The only way to send a message to the gaming industry would be to NOT buy their latest over-engineered next-gen system or let them know NOW what we really want in a new system.  The economic system is all on its head; it should be what the market desires not what the industry mandates we will have.  I won’t be getting one any time soon after launch.  But I have a feeling the market will buy it.  They’ll buy it, complain about it, and continue to support an industry that cares more about doing what they can do rather than doing what’s needed; and increasing profits via absurd protection methods rather than simply making products their market wants to buy.

I’ll have fun with Mega Man 2 and Streets of Rage 3 in the meantime…

I’d take almost any one of these any day at this point…

Life Lessons Learned from Video Games 1: Found Food is Good For You!

Like most of the American generation born between 1975-1985, I grew up in the golden age of video games.  Starting with an Atari 400, moving to an Atari 800XL, an NES, and finally settling with Sega consoles throughout much of the 90s, I became a “gamer” at an early age and remain one to this day.  Recently elitists and exclusionists have hijacked that term, but to me a “gamer” is still just someone who enjoys playing games.  Any games from the board variety, to the cellphone kind, to the newest console release.  Whether they play once a month or 24/7, whether they’re hardcore MMORPGrs with hundreds of hours logged or they just play the Sims on their PC, it’s the pure enjoyment of playing a game that makes one a gamer.  Not how high they’re ranked, how many accessories you own, or how many noobs you’ve pwned.  At it’s heart, gaming is just entertainment; it’s not life or death.  So to all my generation who live and breathe by their gear, their rankings, or their e-reputations … seriously … it’s just a game. Kick back and have some fun.

During my long gaming history I have learned a lot of lessons, lessons that apply to both the real world and the virtual world.  Real world lessons aren’t always apparent, and the games that teach them can sometimes be surprising.  Virtual lessons are more about the peculiarities of the gaming world, ways you learn to interact with a world of invisible walls and filled with store clerks who never leave their desks and repeat the same two lines over and over for all eternity.

Since this is the first post of this type, I thought I’d keep it light and start with a virtual world lesson:

If You Are Ever Injured, Seek Out Turkeys, Apples, Pizzas, Pork Chops, and Sodas Hidden in your Environment … and EAT Them Instantly!

I know what everyone’s thinking … eating found food doesn’t sound like a good idea but, trust me, I spent a lot of time playing Castlevania, Teenage Mutant Ninja Turtles, Streets of Rage 2 & 3, and Final Fight.  Found food will help you immeasurably.  A turkey found in a garbage can you’ve just smashed into a fading, dented version of  itself after breaking heads all over Metro City or a roast uncovered after you’ve whipped some brick walls of a Transylvania castle into rubble will save your life!  This is one of those lessons I’ve always questioned as I’ve played games, but it shows up again and again.  I can’t imagine grabbing food out of the trash or a crumbling castle being good for one’s constitution, but don’t take my word for it; ask Simon, Donatello, or Axel…it’ll bring you back from near death.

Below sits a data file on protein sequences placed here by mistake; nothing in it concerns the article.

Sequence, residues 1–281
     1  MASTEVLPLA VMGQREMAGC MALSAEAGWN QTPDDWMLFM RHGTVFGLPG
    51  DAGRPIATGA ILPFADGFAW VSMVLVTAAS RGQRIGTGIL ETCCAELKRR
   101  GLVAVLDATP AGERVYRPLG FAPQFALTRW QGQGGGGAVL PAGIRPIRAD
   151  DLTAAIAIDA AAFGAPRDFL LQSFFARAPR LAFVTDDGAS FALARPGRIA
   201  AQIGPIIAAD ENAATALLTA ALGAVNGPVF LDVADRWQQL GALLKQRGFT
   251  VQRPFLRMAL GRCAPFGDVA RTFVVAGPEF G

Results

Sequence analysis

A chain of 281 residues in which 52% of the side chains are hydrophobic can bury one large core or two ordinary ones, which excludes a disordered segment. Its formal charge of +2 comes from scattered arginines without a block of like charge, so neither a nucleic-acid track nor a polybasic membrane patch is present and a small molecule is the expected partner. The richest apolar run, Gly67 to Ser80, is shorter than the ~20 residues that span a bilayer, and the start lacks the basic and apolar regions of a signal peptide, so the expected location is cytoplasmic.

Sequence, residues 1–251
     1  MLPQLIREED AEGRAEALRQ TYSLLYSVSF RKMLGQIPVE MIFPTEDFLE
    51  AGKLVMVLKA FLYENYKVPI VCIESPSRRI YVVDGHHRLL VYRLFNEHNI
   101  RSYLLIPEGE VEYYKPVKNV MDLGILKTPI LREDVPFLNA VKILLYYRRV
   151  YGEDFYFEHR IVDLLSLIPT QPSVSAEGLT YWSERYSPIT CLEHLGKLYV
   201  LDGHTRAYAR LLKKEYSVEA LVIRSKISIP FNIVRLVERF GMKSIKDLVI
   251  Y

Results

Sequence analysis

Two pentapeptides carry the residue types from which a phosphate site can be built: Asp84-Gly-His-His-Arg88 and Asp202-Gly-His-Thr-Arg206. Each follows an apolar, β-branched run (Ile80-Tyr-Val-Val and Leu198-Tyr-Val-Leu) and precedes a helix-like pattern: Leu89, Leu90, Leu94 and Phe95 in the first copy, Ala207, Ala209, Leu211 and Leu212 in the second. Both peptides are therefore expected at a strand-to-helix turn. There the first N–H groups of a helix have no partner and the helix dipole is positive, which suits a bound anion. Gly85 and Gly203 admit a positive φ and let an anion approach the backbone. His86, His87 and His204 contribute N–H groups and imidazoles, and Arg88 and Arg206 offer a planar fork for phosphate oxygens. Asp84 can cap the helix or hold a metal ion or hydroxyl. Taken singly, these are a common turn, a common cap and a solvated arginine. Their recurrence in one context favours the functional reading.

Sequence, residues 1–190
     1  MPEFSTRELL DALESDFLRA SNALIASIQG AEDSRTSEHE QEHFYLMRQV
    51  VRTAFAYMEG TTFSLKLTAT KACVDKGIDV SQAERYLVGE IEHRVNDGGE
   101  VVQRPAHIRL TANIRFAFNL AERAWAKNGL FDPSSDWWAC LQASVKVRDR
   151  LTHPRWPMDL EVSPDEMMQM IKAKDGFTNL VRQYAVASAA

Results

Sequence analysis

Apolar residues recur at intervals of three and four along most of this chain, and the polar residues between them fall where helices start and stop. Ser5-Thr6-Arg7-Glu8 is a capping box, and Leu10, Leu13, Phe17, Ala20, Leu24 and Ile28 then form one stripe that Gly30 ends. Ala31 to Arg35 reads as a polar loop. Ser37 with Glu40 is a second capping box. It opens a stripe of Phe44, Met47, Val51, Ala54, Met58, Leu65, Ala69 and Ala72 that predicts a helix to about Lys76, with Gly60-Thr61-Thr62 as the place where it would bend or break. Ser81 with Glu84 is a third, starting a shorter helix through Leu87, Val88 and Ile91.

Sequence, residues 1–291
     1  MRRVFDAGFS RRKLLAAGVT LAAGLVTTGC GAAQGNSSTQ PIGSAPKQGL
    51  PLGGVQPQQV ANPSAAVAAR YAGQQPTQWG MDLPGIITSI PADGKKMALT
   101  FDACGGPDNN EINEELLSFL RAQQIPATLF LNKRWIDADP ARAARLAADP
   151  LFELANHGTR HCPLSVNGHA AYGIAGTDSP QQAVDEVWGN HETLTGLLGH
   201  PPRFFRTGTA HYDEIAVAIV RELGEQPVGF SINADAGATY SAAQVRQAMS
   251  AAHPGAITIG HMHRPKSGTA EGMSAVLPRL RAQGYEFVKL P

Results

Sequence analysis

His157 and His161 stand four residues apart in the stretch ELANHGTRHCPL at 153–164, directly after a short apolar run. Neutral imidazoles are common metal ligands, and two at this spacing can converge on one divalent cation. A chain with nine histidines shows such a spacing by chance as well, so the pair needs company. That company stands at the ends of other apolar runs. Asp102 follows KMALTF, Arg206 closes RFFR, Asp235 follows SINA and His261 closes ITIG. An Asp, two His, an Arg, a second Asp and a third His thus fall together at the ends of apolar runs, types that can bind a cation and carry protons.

Castlevania Meat
There’s the delicious, life-saving food item…found by smashing open the walls of a musty evil castle…
Ever been near-death beating up weird spider-things and guys with chainsaws in a warehouse? Look around and see if there’s a pizza floating in the air on a blue square! A WHOLE pizza too. Those are the best ones….
Streets of Rage 2 Apple
Taken some hits pummeling street trash through blue back alleys and baseball fields? Luckily there’s an apple hidden in a roadside sign. That’ll give you the boost you need!  Eat the apple, Axel…EAT IT!
Streets of Rage 2 Turkey
And if you’re in REAL trouble knock over the random trashcan and you may discover a fully-cooked turkey dinner complete with platter!

Now, obviously, game programmers and designers probably got a little sick of using medical kits and vague red crosses as health power ups.  It still seems strange that food as a medical restorative was and still is so popular.  In the amazing fantasy world of video games it’s one of those things we just take for granted.  But who says it can’t be applied to real life?  I say we all give  it a try.

So lesson learned.  Next time you feel life slipping away and the world (or a gang of thugs) is beating you down, break open a nearby sign, rock, garbage can, or potted plant and eat the tasty contents revealed.  Instantly.  And watch the profound impact on your health!